The minipterional craniotomy (MPT) provides a reliable and less invasive alternative to the standard pterional craniotomy. Furthermore, ruptured and unruptured anterior circulation aneurysms can safely and effectively be treated with limited bone removal which provides better cosmetic outcomes and excellent postoperative temporalis muscle function 4).

1)

Matano F, Mizunari T, Koketsu K, Fujiki Y, Kubota A, Kobayashi S, Murai Y, Morita A. Protection device made of amputated syringe for muscle protection during cranial perforation: a technical note. World Neurosurg. 2016 Jan 7. pii: S1878-8750(16)00002-4. doi: 10.1016/j.wneu.2016.01.001. [Epub ahead of print] PubMed PMID: 26773982.

2)

Jin Y, Jiang J, Zhang X. Effect of Reflection of Temporalis Muscle During Cranioplasty With Titanium Mesh After Standard Trauma Craniectomy. J Craniofac Surg. 2016 Jan;27(1):145-9. doi: 10.1097/SCS.0000000000002336. PubMed PMID: 26674916.

3)

Park JH, Lee YS, Suh SJ, Lee JH, Ryu KY, Kang DG. A Simple Method for Reconstruction of the Temporalis Muscle Using Contourable Strut Plate after Pterional Craniotomy: Introduction of the Surgical Techniques and Analysis of Its Efficacy. J Cerebrovasc Endovasc Neurosurg. 2015 Jun;17(2):93-100. doi: 10.7461/jcen.2015.17.2.93. Epub 2015 Jun 30. PubMed PMID: 26157688; PubMed Central PMCID: PMC4495087.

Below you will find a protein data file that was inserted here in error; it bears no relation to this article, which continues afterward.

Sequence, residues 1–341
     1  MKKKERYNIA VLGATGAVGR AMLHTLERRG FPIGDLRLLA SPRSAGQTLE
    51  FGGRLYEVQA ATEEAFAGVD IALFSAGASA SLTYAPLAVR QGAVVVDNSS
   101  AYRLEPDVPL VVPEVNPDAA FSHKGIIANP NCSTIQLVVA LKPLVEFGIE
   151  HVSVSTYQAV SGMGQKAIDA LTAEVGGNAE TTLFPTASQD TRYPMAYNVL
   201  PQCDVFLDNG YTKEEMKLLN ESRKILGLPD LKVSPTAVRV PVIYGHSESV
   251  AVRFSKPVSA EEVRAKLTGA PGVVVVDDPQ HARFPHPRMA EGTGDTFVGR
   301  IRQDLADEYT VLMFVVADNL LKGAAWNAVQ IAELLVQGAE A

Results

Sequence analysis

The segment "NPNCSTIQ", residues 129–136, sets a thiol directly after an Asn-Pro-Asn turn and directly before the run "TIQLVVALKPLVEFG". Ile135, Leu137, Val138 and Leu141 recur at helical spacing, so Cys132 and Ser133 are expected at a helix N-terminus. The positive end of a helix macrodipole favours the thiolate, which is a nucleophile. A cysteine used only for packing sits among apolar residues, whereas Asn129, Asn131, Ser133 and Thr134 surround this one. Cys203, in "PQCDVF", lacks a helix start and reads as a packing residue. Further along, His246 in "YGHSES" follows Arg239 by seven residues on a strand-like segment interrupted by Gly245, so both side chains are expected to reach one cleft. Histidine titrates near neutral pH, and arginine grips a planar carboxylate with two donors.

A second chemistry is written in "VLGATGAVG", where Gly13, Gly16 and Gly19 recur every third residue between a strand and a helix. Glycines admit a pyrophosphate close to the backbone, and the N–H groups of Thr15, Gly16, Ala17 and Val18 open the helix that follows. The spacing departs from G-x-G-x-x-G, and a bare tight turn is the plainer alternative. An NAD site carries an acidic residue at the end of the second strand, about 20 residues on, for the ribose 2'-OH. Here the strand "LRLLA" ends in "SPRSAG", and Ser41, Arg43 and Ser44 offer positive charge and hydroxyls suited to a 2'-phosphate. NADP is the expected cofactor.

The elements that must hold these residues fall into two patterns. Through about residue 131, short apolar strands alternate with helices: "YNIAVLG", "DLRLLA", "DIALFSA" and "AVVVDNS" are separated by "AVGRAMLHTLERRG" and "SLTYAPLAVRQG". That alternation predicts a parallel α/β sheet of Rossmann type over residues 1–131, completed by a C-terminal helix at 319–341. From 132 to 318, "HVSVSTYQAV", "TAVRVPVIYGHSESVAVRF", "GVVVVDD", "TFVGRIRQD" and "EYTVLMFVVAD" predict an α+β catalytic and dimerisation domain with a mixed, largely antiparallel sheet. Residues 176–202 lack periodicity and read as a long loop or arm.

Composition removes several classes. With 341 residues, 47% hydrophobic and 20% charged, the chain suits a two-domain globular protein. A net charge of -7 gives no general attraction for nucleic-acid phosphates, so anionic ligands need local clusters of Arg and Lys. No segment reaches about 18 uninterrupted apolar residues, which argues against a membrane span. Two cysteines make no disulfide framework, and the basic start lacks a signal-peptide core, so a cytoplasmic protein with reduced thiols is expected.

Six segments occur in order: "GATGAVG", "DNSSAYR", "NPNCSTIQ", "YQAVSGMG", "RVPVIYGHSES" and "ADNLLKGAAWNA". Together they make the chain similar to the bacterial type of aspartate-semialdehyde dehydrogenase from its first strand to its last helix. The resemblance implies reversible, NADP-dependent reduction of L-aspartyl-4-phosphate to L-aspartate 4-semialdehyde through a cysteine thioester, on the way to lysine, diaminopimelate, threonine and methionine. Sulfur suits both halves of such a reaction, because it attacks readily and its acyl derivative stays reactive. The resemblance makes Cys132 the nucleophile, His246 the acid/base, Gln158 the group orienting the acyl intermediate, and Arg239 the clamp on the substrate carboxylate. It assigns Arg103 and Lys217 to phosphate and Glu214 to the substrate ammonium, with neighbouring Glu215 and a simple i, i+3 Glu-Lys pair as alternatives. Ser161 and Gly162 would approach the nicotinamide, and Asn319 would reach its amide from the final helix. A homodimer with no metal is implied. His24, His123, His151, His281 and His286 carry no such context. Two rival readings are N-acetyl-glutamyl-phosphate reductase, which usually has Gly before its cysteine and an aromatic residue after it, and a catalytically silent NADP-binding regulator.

4)

Alkhalili KA, Hannallah JR, Alshyal GH, Nageeb MM, Abdel Aziz KM. The minipterional approach for ruptured and unruptured anterior circulation aneurysms: Our initial experience. Asian J Neurosurg. 2017 Jul-Sep;12(3):466-474. doi: 10.4103/1793-5482.180951. PubMed PMID: 28761525; PubMed Central PMCID: PMC5532932.

Update: A1 segment hypoplasia

Anterior cerebral artery A1 segment hypoplasia is an uncommon fetal variant of the circle of Willis.

There is an association of unilaterally absent or hypoplastic A1 segments of the anterior cerebral artery with ipsilateral decrease in internal carotid artery (ICA) caliber, and this can be seen on MR angiograms 1).

Epidemiology